Every Christmas I am reminded of the many gifts I received as a child. Our family was poor, in terms of monetary wealth. My father grew up in a comfortable middle class family. But he became disabled from injuries he sustained as a POW in Japan in WWII. He was unable to work. My mother grew up in poverty. A coal miner's daughter and one of 13 children. She was never allowed to finish school and had to work in a silk mill at fourteen.
Yet my sister and I were surrounded by wealth of a different kind. My father had a love of words. He worked crossword puzzles, read mystery novels, and took great effort to make sure we spoke proper English. My sister and I often teased him by saying "ain't" or some other awful word, just to see his reaction. He never got angry; he just corrected us. Spoke to us as though we were adults. Expected us to be able to use language comfortably. Mom was a reader as well. We always had newspapers and magazines around the house. And, as soon as my sister and I learned to read, we got our own library cards. Mine was worn and dog-eared from so much use.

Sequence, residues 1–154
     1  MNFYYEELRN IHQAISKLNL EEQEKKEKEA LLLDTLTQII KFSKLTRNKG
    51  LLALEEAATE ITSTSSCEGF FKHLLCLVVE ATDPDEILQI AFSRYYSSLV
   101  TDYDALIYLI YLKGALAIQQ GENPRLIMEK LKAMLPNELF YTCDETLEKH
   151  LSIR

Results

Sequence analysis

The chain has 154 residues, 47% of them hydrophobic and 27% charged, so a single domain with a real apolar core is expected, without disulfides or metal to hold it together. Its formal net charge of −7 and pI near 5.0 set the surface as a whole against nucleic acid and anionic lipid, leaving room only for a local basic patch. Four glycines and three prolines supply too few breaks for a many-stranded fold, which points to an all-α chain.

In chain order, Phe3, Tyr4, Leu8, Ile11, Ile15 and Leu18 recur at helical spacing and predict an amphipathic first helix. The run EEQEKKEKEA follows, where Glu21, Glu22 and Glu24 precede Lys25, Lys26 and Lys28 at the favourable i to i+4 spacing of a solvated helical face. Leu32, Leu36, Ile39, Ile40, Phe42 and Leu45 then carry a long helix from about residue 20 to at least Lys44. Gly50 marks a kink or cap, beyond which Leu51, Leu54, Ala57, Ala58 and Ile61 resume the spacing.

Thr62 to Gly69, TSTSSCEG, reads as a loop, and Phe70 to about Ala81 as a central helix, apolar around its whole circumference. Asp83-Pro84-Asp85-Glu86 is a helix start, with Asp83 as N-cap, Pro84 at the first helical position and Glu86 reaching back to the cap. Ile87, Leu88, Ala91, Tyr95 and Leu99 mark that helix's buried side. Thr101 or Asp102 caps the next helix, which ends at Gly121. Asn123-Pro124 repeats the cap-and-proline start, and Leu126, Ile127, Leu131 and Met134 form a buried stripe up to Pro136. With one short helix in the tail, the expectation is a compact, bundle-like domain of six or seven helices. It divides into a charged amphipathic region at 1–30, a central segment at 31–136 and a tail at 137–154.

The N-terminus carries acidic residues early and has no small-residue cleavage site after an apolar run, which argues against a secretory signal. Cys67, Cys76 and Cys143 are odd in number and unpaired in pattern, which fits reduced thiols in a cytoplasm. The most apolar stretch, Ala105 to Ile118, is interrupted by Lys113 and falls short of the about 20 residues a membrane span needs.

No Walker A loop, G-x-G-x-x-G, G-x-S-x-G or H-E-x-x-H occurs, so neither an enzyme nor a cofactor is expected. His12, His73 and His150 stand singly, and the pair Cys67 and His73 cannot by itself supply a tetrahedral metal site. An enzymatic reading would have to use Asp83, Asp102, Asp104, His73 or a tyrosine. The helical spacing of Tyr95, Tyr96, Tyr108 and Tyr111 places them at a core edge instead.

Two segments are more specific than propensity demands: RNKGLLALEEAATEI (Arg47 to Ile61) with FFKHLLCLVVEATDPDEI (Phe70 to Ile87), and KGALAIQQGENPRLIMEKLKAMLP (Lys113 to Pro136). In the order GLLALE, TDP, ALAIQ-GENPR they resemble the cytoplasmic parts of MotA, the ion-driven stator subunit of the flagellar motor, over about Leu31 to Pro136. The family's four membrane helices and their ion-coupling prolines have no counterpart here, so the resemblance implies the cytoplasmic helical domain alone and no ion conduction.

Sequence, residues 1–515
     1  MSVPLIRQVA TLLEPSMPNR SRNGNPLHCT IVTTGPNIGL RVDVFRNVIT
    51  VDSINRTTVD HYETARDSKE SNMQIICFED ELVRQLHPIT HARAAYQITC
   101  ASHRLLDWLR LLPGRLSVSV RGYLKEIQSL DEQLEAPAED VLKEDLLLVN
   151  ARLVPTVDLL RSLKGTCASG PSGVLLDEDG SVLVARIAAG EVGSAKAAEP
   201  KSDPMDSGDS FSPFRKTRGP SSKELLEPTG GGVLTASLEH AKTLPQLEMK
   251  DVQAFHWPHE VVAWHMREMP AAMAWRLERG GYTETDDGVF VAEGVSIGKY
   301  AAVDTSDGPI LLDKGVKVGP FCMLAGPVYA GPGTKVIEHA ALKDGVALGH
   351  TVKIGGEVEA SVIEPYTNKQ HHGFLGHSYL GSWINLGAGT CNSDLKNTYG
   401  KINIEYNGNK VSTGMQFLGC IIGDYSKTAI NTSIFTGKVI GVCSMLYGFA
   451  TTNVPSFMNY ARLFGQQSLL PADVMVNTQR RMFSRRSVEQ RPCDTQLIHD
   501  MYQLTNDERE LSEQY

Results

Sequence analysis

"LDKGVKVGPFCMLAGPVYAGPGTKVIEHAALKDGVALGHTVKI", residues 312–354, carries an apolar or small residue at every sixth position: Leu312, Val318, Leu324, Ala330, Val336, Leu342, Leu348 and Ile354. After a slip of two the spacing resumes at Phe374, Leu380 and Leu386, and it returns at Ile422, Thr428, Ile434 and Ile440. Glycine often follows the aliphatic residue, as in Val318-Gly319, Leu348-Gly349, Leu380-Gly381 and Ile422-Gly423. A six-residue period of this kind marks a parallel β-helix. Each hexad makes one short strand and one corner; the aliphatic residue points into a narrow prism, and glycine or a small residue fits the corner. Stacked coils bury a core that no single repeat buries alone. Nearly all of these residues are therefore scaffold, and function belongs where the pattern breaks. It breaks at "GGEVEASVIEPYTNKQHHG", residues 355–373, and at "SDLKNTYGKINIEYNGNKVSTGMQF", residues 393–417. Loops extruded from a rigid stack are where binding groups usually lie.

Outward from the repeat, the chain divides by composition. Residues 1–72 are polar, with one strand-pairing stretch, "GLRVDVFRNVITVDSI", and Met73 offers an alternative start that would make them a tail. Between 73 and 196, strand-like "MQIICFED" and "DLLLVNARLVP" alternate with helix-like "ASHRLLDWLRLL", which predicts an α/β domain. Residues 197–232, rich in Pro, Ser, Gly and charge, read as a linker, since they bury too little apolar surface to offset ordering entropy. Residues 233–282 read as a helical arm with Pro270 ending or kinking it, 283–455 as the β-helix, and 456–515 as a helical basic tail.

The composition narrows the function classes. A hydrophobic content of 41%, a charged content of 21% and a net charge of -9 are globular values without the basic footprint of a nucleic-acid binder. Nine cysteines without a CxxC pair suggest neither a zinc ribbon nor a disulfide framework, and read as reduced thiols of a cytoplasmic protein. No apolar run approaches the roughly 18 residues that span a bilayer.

We also had plenty of paper, crayons, markers, and pencils. We'd spend hours at the kitchen table doodling and scribbling words, crude drawings and such. As I grew, these primitive efforts were replaced by letter writing, diary entries, hopes, dreams. And always, there was the constant love, support, and encouragement of Mom and Dad. They never told me I couldn't. So I believed I could.
What makes a writer? I'm sure everyone's path is different. Yet there is a common element. Someone, somewhere encouraged our early efforts. Found value in our verbal expression. Made us believe we might have a gift. A gift of words.
My parents died before I became a children's book author. But there is no doubt in my mind, I wouldn't be one if not for the gifts they gave me as a child.